Examination was performed with an ultrasound scanner (Acuson 128) with a 7-Mhz linear transducer aperture of 38 mm. The electrocardiographic signal (lead II) was simultaneously recorded to synchronize the image capture of the top of the R wave to minimize variability during the cardiac cycle. A 10-mm segment of the left and right carotid arteries was scanned at the level of bifurcation, and images for IMT measurements were recorded from the far wall in the common carotid artery (CCA) and the carotid artery bulb. The software program gives the average thickness of the intima-media complex (IMT) on the left and right side for CCA and the carotid artery bulb, respectively. Hence, 4 variables are defined, namely IMT mean and maximum in CCA and carotid artery bulb. IMT was defined as the distance from the leading edge of the lumen-intima interface to the leading edge of the media-adventitia interface of the far wall. At the position of the thickest part of the wall (visually judged), a frozen longitudinal image was captured and recorded on videotape. A short sequence of real-time images was also recorded on videotape to assist in interpreting frozen images. Mean lumen diameter of the carotid artery was defined by the distance between the leading edges of the intima-lumen interfaces of the near and lumen-intima of the far wall. Images were measured in an automated analyzing system11 based on automatic detection of the echo structures in the ultrasound image, with the option to make manual corrections by the operator. The interobserver variability for measurement of IMT in the CCA and the carotid artery bulb has been shown to be 5.3% and 6.0%, respectively.12
A composite measure of IMT in the carotid artery was calculated as the mean of the maximum IMT in the common carotid and the carotid artery bulb on the left and right side (composite IMT). The laboratory technician was blinded to the previous examination.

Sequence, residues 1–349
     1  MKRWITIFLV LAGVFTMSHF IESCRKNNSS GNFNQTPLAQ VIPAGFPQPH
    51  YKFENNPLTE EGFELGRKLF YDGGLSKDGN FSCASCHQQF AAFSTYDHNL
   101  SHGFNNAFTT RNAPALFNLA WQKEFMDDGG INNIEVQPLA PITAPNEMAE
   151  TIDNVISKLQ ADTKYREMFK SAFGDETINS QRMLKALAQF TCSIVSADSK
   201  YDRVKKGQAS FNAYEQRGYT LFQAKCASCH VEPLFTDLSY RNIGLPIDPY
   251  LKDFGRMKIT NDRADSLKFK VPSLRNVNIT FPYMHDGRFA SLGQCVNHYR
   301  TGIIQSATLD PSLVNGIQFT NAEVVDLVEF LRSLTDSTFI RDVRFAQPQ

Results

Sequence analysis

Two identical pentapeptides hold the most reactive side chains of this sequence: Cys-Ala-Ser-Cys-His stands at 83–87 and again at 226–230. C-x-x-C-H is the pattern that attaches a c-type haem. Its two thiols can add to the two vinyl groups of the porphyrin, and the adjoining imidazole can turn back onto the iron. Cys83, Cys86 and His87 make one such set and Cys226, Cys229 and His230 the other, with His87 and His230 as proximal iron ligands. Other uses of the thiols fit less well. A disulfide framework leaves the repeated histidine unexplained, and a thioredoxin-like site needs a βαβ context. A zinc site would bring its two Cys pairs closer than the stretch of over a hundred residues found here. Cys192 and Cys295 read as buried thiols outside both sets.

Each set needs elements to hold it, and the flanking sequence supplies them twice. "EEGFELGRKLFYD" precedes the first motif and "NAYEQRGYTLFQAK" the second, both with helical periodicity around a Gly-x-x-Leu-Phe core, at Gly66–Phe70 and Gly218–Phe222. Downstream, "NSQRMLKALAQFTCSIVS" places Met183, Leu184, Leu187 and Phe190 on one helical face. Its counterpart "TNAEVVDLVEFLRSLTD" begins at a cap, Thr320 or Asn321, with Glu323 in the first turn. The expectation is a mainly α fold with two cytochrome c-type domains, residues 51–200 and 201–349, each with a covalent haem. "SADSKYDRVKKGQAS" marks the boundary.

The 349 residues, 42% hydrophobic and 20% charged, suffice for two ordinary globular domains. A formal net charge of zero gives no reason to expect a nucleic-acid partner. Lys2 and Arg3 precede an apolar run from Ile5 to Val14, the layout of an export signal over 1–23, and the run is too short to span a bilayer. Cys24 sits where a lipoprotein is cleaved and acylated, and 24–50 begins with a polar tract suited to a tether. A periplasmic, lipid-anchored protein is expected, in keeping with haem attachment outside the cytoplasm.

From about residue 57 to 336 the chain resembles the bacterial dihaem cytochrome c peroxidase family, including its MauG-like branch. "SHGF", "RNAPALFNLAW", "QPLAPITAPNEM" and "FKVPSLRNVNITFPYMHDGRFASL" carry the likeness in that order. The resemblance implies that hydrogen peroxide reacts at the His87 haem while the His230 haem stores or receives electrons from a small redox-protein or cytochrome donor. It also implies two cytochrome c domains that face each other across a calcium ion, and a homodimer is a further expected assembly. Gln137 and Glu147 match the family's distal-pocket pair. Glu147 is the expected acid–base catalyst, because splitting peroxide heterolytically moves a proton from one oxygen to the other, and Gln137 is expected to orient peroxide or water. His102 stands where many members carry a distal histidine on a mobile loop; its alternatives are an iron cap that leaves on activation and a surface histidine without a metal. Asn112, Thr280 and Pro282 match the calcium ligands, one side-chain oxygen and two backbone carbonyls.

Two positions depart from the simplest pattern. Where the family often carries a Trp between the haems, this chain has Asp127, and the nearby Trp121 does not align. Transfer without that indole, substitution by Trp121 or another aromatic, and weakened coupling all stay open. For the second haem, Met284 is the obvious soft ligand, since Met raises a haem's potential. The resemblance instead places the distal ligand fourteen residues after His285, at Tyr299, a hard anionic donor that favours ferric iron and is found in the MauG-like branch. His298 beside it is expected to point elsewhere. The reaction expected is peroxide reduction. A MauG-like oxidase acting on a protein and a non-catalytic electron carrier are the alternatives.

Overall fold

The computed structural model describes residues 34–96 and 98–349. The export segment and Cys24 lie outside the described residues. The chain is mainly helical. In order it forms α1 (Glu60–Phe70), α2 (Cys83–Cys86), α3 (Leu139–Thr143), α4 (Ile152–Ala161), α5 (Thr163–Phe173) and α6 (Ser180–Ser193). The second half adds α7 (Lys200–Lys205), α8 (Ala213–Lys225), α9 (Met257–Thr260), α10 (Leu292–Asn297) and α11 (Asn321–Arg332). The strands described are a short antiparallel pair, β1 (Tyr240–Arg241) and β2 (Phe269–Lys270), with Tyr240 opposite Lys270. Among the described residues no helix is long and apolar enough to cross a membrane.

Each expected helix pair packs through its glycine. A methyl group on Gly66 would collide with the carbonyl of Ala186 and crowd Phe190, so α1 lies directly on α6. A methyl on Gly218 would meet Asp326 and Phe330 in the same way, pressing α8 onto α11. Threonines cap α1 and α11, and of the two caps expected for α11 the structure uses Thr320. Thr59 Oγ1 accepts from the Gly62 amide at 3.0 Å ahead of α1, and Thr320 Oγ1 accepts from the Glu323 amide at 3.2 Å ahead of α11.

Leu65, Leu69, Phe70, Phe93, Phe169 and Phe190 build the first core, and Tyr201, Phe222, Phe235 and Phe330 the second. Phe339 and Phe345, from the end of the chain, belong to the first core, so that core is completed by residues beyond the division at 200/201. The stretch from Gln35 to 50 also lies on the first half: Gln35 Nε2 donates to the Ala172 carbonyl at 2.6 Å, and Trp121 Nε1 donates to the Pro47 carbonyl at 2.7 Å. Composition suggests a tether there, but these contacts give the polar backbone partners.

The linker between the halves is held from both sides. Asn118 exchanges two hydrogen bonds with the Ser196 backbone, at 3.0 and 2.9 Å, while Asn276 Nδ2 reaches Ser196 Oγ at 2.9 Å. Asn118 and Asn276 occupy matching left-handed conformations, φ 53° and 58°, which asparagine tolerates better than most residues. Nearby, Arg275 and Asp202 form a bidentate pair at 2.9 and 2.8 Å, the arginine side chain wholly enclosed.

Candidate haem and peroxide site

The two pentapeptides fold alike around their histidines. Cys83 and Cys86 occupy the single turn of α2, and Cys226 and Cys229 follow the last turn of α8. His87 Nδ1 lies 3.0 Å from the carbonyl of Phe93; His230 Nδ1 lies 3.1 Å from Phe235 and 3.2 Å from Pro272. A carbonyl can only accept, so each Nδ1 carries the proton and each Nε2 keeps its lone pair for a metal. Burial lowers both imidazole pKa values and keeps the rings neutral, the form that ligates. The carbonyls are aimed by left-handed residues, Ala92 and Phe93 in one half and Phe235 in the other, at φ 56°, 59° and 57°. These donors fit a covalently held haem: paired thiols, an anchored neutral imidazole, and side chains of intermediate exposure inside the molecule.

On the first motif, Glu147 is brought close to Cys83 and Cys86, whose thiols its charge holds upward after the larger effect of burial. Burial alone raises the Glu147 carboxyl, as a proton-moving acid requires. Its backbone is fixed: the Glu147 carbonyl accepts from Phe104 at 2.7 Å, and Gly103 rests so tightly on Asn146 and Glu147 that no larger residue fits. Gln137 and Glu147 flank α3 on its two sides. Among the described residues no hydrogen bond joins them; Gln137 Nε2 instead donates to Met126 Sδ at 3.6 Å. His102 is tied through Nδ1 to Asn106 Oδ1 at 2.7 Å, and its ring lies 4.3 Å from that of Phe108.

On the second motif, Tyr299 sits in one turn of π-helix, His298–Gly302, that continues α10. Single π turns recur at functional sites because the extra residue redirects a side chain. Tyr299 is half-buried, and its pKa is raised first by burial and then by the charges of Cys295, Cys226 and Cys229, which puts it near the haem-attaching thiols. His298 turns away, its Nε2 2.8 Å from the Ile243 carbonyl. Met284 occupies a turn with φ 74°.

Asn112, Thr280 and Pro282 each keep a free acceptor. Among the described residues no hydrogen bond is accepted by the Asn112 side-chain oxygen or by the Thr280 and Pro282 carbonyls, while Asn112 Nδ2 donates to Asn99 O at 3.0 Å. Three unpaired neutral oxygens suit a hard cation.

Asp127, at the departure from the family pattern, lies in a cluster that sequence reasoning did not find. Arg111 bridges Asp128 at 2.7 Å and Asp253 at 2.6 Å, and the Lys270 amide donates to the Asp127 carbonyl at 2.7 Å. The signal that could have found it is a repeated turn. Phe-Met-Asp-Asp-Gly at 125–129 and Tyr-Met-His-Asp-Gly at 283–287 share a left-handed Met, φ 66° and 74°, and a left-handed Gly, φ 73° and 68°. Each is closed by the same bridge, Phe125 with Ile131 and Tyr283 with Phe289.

Comparison of baseline characteristics between men from whom it was possible to obtain follow-up data (n=313) and those it was not showed no statistically significant difference in apoB/apoA-I ratio (0.87±0.25 versus 0.92±0.24; n=60; P=0.18) or composite IMT (1.16±0.24 mm; 1.24±0.31 mm; n=61; P=0.17). The cardiovascular morbidity in the 2 groups of re-examined (n=313) and not re-examined (n=78) men at the time for follow-up were 5.4% versus 7.6% (NS).
Definition of MetS
Glucose intolerance was defined as a fasting blood glucose level ≥5.6 mmol/L13. Insulin resistance was defined as a fasting plasma insulin level of ≥14.86 mU/L6. MetS according to the World Health Organization (WHO)13 is defined as glucose intolerance or insulin resistance together with ≥2 of the following risk factors: (1) raised arterial (systolic/diastolic) pressure ≥140/90 mm Hg (either value); (2) raised triglycerides (≥1.7 mmol/L) or low HDL cholesterol (<0.9 mmol/L); (3) central body obesity waist-to-hip ratio (WHR) >0.90 or body mass index (BMI) >30 kg/m2; and (4) microalbuminuria (urinary albumin excretion rate ≥20 μg per minute).
In the definition of MetS according to the National Cholesterol Education Program (NCEP),14 ≥3 of the following risk factors must be fulfilled: (1) a fasting blood glucose level ≥5.6 mmol/L; (2) raised arterial (systolic/diastolic) pressure ≥130/85 mm Hg (either value); (3) raised triglycerides (≥1.7 mmol/L); (4) HDL cholesterol <1.0 mmol/L; and (5) waist circumference >102 cm.